Sat, 20 April 2024
The Daily Ittefaq

2024 election had less violence: NDI-IRI technical assessment mission

Update : 17 Mar 2024, 19:33

The joint National Democratic Institute (NDI) and International Republican Institute (IRI) Technical Assessment Mission deployed to Bangladesh to monitor potential violence before, during, and after the country’s January 7, 2024 parliamentary election has released its final report.

“This report provides a valuable roadmap for more peaceful elections in Bangladesh’s future,” said Manpreet Singh Anand, NDI’s Regional Director for the Asia-Pacific.

“Leaders across the socio-political spectrum – including political parties, the government, and civil society – have a responsibility to reform the rules, practices, and norms of electoral politics toward nonviolence,” he added.

The document provides a thematic analysis of different types of election-related violence and includes recommendations to the Bangladesh Election Commission, the executive and legislative branches of the government, political parties, civil society, and other stakeholders based on IRI’s and NDI’s comparative experience, to mitigate the risks of violence in future elections, in the furtherance of international cooperation and with respect for the sovereignty of Bangladesh.

The mission found that the 2024 national election, including the campaign period, election day and immediate aftermath, had less physical and online violence compared to previous election cycles – primarily due to the absence of nationwide partisan competition and the state’s increased focus on election security, said a media release issued from Washington on March 16.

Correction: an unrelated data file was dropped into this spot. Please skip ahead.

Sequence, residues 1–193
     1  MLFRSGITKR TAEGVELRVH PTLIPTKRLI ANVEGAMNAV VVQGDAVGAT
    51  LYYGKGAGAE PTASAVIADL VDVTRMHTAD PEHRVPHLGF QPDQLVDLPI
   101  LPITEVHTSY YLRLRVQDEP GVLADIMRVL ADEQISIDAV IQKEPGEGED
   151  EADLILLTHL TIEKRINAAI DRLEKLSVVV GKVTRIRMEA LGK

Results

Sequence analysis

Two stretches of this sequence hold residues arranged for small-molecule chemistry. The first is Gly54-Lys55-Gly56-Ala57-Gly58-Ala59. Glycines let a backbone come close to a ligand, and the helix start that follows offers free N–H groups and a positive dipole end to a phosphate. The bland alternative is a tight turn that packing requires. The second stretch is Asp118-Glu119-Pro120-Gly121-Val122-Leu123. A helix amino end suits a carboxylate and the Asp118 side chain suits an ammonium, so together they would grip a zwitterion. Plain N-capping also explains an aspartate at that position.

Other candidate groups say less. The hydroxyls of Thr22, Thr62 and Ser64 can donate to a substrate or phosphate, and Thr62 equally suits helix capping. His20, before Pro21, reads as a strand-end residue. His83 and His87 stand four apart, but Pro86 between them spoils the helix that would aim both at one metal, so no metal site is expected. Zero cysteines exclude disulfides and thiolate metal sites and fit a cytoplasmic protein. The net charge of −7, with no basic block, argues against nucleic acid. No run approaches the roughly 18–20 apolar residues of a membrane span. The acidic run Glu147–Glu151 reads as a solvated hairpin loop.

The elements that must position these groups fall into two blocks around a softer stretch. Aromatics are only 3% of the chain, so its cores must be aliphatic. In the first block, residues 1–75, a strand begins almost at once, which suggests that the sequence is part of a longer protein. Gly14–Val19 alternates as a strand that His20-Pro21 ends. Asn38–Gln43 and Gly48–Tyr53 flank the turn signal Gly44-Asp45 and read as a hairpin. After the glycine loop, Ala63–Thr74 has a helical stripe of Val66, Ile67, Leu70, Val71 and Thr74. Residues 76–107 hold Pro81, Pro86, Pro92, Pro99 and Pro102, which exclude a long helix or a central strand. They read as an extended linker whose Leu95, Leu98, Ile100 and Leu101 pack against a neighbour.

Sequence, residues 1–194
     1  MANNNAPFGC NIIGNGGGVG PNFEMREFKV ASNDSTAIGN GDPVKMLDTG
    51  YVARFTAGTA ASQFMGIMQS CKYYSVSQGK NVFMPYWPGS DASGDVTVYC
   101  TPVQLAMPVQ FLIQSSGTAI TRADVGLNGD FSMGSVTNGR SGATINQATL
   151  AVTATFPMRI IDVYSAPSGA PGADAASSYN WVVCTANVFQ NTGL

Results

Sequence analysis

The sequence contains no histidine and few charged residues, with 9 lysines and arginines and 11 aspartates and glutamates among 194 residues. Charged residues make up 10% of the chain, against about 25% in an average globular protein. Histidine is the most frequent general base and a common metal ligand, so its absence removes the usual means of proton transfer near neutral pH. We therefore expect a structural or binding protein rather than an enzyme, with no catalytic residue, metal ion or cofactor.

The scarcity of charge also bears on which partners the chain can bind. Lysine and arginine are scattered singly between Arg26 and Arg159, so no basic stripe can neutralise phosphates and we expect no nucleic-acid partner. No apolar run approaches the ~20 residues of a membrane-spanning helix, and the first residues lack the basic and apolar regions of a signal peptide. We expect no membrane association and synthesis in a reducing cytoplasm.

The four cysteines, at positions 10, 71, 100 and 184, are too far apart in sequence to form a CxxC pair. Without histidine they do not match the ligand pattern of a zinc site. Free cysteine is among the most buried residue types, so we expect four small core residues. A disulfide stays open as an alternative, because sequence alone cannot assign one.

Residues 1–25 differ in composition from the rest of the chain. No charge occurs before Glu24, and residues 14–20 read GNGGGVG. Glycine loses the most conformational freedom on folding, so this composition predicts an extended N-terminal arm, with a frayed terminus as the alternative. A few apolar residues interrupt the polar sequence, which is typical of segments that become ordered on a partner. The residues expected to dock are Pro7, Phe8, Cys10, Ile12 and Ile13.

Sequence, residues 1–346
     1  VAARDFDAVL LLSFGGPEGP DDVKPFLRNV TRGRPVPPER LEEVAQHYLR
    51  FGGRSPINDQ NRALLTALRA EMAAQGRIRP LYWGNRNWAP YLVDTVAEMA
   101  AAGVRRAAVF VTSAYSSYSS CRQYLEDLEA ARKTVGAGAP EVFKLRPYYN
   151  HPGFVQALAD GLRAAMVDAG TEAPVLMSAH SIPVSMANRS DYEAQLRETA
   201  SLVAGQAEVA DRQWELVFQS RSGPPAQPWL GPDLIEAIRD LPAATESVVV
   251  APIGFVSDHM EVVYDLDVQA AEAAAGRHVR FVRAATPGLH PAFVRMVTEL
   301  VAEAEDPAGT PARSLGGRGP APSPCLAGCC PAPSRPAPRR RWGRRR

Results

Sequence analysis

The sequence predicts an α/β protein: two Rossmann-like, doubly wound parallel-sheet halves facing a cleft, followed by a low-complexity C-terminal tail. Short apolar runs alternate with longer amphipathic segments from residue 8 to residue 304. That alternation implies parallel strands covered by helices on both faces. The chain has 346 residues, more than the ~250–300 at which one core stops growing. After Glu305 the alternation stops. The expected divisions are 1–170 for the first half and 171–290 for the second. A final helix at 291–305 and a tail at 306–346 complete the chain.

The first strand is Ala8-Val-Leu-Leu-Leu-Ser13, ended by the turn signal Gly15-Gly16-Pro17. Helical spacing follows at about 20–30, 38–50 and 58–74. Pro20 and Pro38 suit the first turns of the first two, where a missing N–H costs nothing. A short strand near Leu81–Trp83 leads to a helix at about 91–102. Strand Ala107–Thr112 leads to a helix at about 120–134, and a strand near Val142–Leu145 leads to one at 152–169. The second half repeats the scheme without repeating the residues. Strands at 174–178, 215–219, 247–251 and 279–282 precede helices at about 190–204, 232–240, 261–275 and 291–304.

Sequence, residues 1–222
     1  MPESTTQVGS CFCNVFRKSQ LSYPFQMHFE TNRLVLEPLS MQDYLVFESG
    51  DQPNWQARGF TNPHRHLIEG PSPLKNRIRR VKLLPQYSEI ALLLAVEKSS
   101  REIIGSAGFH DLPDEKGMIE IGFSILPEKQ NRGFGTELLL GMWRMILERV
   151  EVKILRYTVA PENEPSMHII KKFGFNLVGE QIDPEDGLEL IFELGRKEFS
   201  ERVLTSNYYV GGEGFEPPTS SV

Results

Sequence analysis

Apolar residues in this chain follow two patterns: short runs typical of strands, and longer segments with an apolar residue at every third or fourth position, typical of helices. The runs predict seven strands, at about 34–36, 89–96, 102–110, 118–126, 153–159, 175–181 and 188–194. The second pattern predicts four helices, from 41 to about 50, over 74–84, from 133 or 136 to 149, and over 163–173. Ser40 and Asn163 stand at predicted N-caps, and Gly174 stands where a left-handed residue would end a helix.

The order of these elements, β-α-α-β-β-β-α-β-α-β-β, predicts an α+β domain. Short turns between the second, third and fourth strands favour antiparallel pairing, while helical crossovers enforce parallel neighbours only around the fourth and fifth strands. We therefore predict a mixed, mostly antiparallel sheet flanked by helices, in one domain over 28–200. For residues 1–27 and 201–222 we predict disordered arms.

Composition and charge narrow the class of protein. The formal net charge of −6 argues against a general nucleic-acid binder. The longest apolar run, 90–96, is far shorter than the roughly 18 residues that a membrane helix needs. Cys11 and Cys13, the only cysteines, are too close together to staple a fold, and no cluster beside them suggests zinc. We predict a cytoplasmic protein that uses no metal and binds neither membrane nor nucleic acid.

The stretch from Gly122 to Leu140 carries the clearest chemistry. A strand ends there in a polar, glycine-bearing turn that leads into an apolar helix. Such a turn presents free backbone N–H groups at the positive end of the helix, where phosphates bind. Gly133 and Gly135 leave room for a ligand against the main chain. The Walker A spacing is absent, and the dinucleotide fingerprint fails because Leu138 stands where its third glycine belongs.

However, the Mission also found that the quality of the January election was undermined by incidents of violence, as well as a pre-election environment characterised by increased political polarisation, violence among political actors, contracting civic space, and worsening freedoms of expression and association. 

“Election violence is a key deterrent of citizen participation,” said Johanna Kao, IRI’s Senior Director for the Asia-Pacific Division. “For Bangladesh’s elections to be fully inclusive and participatory, all sides need to prioritise nonviolent politics.”

During its stay in Bangladesh, the Mission’s five accredited long-term analysts met with election and government officials, security actors, political party leaders from across the political spectrum, journalists, civil society organisations including those focusing on youth, women, persons with disabilities, and religious minorities, as well as with accredited international observer missions.

This mission follows a joint pre-election assessment mission that NDI and IRI conducted from October 8 to 11, 2023.

The observations from the pre-election assessment mission informed the structure and scope of the technical assessment, which was conducted in accordance with the laws of Bangladesh and consistent with the Declaration of Principles for International Election Observation, endorsed in 2005 at the United Nations.

IRI and NDI are nonpartisan, nongovernmental organisations that support and strengthen democratic institutions and practices worldwide. The Institutes have collectively observed more than 200 elections in more than 50 countries over the last 30 years. UNB 

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